Fentanyl, like heroin, morphine, and other opiate medications, attaches to the bodies’ opiate receptors, which are found in the areas of the brain that control pain and emotions. Dopamine levels rise as the drug connects to these receptors, and there is a feeling of euphoria and relaxation. When fentanyl is overused, however, it produces a powerful high that can quickly lead to overdose. Fentanyl abuse is a problem for a lot of young people.
According to preliminary statistics from the CDC's National Center for Health Statistics, there were an estimated 100,306 drug overdose fatalities in the United States during a 12-month period ending in April 2021, a 28.5 percent increase from the 78,056 deaths during the same time the previous year.
There is a substantial danger that illegal drugs have been tainted with fentanyl on purpose. Because of its strength and low cost, drug traffickers have begun combining fentanyl with other narcotics such as heroin, methamphetamine, and cocaine, thereby raising the risk of a lethal interaction.
Fentanyl is a potent synthetic opioid that has quickly evolved from a helpful prescription drug to a street scourge, claiming the lives of many young adults along the way. Fentanyl is a top emerging drug trend noticed by the National Institute on Drug Abuse (NIDH) due to its increased appeal on the street and among young people.
Fentanyl medicines are commonly known by brand names such as Actiq, Duragesic, and Sublimaze. These prescription opioids were initially used to treat severe or chronic pain patients. Fentanyl is a dangerous narcotic in and of itself. Still, it may also serve as a gateway to heroin, which is less expensive. Irritability, chills, sweats, insomnia, anxiety and nervousness, agitation, and restlessness are some of the withdrawal symptoms of fentanyl.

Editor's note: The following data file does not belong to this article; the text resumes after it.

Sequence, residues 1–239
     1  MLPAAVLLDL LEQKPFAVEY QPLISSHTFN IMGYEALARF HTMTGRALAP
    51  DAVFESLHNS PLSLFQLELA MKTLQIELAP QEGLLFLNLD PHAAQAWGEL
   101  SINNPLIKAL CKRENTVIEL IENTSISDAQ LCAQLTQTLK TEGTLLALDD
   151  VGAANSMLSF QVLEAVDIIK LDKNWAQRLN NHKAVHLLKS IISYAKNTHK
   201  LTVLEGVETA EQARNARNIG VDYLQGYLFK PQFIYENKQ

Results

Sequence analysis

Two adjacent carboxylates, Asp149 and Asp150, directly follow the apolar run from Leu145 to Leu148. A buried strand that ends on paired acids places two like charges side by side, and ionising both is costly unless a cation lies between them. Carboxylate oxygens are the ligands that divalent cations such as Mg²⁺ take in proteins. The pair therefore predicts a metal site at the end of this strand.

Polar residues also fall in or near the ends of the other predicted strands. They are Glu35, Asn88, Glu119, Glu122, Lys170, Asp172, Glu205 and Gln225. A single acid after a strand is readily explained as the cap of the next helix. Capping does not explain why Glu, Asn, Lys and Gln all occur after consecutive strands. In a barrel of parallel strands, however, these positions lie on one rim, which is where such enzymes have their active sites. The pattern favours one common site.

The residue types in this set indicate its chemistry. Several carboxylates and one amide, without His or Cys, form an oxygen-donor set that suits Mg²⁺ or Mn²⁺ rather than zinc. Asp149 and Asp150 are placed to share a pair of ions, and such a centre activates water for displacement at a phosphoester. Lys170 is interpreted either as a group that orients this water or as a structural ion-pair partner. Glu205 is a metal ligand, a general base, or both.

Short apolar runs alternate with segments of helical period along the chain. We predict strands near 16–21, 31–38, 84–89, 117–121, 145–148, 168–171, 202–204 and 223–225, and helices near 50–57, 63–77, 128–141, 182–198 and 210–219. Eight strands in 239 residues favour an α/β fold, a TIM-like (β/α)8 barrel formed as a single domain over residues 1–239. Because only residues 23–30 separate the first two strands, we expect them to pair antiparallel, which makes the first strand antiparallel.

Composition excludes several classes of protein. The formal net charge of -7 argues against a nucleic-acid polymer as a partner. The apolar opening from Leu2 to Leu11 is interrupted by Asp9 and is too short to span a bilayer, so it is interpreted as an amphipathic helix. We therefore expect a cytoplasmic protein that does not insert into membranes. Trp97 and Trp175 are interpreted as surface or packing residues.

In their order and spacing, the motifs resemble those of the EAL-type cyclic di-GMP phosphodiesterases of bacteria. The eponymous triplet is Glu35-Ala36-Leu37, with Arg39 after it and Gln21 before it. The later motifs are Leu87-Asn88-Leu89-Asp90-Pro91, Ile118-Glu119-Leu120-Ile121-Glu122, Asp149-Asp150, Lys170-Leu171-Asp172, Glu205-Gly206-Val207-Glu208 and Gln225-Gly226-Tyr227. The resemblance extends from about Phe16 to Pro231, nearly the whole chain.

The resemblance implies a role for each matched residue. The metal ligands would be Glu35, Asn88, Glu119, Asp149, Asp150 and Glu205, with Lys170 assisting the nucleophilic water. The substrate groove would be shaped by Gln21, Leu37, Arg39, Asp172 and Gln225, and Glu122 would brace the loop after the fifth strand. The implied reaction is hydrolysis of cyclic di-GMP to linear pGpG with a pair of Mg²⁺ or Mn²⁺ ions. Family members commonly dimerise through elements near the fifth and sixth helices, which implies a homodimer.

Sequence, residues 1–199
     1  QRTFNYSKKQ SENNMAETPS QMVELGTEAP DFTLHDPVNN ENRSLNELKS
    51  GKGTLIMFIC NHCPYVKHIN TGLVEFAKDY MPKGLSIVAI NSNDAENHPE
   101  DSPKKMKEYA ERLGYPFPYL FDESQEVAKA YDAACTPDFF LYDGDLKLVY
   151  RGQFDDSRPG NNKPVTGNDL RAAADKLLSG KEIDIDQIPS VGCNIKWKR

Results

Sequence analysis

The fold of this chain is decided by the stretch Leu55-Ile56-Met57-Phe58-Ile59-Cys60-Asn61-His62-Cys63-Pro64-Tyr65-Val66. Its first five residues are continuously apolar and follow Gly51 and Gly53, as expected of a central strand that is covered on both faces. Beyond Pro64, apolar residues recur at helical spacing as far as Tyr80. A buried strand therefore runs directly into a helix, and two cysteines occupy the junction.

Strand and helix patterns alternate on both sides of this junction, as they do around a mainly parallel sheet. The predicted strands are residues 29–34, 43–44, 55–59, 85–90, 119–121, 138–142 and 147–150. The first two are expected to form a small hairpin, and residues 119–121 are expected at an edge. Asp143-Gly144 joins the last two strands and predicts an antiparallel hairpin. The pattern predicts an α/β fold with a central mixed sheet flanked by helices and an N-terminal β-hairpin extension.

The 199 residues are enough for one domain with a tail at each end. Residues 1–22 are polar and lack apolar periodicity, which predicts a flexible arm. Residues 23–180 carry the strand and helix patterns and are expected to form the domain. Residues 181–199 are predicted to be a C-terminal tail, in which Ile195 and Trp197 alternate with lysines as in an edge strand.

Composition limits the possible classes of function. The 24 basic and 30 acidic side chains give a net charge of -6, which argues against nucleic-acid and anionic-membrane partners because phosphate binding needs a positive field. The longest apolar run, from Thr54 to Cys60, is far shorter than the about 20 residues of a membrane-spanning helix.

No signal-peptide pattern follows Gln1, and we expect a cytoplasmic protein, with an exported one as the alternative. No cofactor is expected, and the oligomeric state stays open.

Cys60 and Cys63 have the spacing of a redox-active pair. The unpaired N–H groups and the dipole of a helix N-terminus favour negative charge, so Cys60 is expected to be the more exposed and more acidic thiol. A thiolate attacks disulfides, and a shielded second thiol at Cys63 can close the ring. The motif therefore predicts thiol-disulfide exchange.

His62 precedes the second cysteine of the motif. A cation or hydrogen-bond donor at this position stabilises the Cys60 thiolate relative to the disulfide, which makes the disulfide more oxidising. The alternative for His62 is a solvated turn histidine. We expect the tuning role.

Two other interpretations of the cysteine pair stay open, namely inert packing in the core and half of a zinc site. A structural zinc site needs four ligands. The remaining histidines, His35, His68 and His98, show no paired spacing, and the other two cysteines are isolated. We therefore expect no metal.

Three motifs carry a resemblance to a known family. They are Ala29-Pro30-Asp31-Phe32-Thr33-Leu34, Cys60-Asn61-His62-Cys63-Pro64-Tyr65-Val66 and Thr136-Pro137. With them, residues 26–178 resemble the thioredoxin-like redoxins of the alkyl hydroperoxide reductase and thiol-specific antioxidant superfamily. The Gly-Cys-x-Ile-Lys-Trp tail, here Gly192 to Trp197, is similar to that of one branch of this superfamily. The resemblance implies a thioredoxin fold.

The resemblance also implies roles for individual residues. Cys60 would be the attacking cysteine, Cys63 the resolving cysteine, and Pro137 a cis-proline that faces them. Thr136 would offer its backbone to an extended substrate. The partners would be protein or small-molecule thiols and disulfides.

It may start as medical therapy and then turn into a life-altering addiction. Of course, not everyone who is prescribed fentanyl develops an addiction. Many prescription medications have addictive tendencies. Some have advanced warning labels from the Food and Drug Administration (FDA) recommending the user to evaluate the drug’s risks against the risks of whatever medical or mental disease they may have. Still, if you feel someone is abusing the drug or displaying indications of dependence, it’s critical to look into available resources to assist them.
Only treating the prescription drug addiction without addressing the problem solves half of the problem and frequently leads to relapse
Passages’ prescription drug treatment program can treat both prescription drug addiction and any concurrent psychological illnesses, a practice known as “dual diagnosis.”
Passages Malibu is an alternative to traditional rehab. We provide a holistic, client-centered approach to addiction treatment. Find lasting healing through our model of care and experiential therapies. You will uncover the root causes of your addiction, and we will provide you with tools for lifelong sobriety and change. We can help you turn your life around and find hope again. Call (888) 920-8849 for more information.